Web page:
"What do we do now man," asked Joe?
     "Let's get outta here," said Brian.
     Brian pushed on the exit door and it was locked.  He pushed again harder and then slammed his fist against the door.  At that moment the guard appeared again and pointed his gun at them.  
     "Hey," shouted the guard.
     "We give up man!" don't shoot they shouted.
     "Just come with me, right now," commanded the guard.
     They followed the guard into the office and sat down where he pointed.  He asked them to explain what happened.
     "Man, we got no money to pay for that paintin', said Joe.
     "Yeah, it was a bad happen'en man," said Brian.
     "Just a accident, you know," said Joe.
     The guard listened to what they had to say.  Then he explained the situation.
     "The painting is a replica," said the guard, "It is only worth a couple of hundred dollars, the real masterpiece is hanging in a Paris art museum."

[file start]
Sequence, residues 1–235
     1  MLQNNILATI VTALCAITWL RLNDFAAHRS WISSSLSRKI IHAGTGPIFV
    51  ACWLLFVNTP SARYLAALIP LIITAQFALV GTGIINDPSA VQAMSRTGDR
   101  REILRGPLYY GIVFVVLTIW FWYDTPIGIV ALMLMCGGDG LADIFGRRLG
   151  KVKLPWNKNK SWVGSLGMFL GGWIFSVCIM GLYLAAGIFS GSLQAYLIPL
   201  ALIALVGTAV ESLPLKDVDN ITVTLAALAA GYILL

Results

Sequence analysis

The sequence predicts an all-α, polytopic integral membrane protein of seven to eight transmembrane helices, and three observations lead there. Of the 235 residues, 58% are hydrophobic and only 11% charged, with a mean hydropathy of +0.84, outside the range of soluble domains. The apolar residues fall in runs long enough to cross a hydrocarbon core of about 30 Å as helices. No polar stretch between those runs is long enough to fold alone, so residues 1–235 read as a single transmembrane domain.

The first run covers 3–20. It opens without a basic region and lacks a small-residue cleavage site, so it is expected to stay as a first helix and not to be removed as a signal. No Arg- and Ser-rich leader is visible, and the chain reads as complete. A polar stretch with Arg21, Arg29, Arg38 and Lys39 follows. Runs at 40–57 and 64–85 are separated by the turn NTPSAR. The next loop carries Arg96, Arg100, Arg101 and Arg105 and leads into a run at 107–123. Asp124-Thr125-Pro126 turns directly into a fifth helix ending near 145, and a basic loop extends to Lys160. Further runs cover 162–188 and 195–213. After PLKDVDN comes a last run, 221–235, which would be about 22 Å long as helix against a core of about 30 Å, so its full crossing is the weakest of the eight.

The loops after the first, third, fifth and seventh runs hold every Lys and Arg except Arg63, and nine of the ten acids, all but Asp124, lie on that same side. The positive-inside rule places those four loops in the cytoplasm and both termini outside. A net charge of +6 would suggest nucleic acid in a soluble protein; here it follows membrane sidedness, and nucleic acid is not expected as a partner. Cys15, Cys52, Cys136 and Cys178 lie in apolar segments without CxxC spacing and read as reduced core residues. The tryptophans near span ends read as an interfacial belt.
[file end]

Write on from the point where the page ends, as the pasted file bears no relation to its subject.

"So, we ain't headed for prison?" asked Joe.
     "No, you just gotta pay for the one you destroyed, and that's it," said the guard.
     "Cool," said Brian, "we can do that man."

 

 

 

 

 

 

 

 

 

 

 

 

 

The author expresses his feelings in imagery to help us understand his pain. James Russell Lowell conveys the sense of how he grieves for the child he lost.  This poem gives you the feeling of the deep sorrow that never completely goes away when a parent or parents loses a child.  It helps us understand that even though you have had other children, the one you lost is no less important to you.